The Inuit living in the western Canadian Arctic call themselves "Inuvialuit" or "real human beings." Their homeland stretches from the Alaskan border east to Amundsen Gulf and the western edge of the Canadian Arctic Islands. It is a land of rolling tundra and high, rocky mountains, bisected by the labyrinth of the Mackenzie River Delta.
The traditional culture of the Inuvialuit was shattered by European infectious diseases in the late 19th century, before it could be described in writing in any great detail. What we do know has been pieced together from traditional oral histories, archaeological research, and the writings of the various 19th-century explorers, fur traders, and missionaries who visited the western Arctic.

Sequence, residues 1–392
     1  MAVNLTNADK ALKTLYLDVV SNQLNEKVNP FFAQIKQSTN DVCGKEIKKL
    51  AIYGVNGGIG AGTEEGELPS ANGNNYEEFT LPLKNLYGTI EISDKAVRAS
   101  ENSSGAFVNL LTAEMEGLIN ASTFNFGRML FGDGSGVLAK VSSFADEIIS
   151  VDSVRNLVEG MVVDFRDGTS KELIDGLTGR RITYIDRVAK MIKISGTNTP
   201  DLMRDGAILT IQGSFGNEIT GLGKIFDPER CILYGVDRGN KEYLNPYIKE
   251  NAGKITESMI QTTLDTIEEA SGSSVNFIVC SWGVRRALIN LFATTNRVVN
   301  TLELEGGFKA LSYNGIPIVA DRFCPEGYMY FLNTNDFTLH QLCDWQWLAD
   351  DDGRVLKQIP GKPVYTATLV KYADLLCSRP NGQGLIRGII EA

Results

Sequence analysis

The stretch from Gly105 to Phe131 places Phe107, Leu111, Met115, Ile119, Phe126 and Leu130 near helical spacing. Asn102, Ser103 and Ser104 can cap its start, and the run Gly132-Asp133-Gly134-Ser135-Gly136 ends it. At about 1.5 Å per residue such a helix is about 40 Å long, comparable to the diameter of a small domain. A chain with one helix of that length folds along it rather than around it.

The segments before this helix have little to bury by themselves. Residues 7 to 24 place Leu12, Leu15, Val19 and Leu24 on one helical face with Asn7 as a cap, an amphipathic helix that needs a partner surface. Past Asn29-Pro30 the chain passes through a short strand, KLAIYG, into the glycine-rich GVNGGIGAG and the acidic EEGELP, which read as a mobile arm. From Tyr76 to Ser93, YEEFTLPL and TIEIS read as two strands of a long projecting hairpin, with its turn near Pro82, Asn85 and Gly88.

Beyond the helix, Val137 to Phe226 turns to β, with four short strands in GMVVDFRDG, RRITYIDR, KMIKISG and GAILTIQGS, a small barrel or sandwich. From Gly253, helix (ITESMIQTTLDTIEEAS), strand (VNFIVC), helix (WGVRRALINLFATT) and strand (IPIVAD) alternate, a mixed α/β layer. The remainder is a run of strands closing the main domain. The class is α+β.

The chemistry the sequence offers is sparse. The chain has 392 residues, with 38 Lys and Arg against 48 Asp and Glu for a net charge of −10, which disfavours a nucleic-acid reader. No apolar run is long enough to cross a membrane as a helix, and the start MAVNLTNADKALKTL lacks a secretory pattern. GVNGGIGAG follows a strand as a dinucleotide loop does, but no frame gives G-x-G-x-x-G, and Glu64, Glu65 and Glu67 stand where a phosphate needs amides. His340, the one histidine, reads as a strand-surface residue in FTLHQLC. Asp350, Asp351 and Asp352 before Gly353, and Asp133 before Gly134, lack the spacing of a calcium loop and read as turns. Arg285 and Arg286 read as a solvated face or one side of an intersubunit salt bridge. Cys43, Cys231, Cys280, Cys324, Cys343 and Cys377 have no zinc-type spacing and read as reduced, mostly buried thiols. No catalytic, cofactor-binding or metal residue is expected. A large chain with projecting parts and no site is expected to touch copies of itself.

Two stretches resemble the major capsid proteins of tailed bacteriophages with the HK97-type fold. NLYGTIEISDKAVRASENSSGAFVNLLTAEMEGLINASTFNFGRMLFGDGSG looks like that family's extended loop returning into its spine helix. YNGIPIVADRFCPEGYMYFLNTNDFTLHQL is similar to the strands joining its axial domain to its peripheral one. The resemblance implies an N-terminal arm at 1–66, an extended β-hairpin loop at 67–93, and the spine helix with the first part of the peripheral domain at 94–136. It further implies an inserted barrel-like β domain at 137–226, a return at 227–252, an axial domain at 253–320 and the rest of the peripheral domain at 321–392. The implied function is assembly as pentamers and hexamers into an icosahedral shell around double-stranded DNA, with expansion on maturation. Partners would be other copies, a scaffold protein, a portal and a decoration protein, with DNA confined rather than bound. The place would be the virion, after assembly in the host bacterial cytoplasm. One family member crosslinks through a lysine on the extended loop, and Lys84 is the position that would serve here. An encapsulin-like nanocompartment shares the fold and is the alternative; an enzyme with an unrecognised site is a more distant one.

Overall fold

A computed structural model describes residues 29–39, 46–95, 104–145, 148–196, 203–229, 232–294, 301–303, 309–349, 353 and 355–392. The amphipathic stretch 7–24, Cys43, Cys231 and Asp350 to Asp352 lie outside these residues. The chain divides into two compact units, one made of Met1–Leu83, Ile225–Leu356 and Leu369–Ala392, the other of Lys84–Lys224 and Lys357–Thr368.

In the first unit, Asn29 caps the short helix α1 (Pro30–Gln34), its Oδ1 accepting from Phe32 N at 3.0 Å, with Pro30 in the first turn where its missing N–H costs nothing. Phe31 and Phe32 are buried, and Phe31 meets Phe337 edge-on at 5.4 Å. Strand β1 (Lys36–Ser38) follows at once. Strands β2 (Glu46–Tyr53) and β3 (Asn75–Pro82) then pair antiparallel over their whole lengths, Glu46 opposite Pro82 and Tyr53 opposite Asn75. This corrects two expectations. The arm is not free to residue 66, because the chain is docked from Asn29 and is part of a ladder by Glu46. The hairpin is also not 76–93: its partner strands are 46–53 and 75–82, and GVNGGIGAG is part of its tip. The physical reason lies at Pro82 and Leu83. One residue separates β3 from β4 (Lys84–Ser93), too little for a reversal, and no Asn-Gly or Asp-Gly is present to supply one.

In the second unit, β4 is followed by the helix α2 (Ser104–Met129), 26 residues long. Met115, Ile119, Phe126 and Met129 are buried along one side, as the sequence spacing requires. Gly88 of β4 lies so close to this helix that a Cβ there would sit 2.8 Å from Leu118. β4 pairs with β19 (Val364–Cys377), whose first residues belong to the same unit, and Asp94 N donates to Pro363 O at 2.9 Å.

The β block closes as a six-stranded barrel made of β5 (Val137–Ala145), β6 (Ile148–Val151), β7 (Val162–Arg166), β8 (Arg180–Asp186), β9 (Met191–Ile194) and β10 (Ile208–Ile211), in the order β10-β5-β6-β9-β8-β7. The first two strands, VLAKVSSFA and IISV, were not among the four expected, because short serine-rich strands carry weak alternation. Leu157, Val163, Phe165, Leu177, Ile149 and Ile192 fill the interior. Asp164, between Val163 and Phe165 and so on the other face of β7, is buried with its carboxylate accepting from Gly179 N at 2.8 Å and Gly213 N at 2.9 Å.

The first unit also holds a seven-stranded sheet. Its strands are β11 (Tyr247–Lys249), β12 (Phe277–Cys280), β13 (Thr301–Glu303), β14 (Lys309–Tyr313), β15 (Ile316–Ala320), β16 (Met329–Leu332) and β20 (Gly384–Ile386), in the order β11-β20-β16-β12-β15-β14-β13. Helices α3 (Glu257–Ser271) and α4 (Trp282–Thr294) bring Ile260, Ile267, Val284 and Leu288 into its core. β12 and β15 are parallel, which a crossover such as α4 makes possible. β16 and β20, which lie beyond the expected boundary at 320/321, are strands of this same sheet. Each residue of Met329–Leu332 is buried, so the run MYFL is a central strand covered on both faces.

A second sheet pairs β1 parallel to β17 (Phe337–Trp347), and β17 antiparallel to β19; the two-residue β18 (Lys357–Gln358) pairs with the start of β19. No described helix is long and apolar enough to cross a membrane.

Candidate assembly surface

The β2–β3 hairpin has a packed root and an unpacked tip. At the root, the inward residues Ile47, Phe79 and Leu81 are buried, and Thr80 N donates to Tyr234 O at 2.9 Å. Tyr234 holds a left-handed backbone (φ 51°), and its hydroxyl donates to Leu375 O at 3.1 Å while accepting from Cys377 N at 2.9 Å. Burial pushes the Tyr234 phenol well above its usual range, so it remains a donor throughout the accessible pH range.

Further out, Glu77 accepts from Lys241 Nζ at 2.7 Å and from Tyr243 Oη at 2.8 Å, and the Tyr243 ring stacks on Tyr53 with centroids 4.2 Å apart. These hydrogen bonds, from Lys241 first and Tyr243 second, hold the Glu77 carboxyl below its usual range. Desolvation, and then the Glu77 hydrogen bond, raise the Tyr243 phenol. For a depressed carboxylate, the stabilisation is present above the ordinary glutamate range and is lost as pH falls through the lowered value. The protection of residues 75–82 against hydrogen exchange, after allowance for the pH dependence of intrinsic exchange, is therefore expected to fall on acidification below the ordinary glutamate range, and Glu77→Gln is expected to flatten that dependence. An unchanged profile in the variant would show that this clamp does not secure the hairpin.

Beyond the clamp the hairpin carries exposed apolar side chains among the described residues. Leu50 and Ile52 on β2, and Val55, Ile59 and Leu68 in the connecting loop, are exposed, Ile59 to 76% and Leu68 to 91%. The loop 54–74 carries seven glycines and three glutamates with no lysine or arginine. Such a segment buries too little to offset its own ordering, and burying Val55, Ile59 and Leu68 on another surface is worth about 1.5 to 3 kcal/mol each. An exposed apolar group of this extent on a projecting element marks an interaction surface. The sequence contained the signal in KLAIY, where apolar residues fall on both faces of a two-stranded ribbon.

Text written by Dr. David Morrison, Archaeological Survey of Canada.
This web based publication has been produced by:
Inuvialuit Projects Inc.
Bag 7, Inuvik, NWT
K. Albright-Murchison, Developer
Under the direction of the Canadian Museum of Civilization
If you have a question regarding this research, please contact Dr. David Morrison
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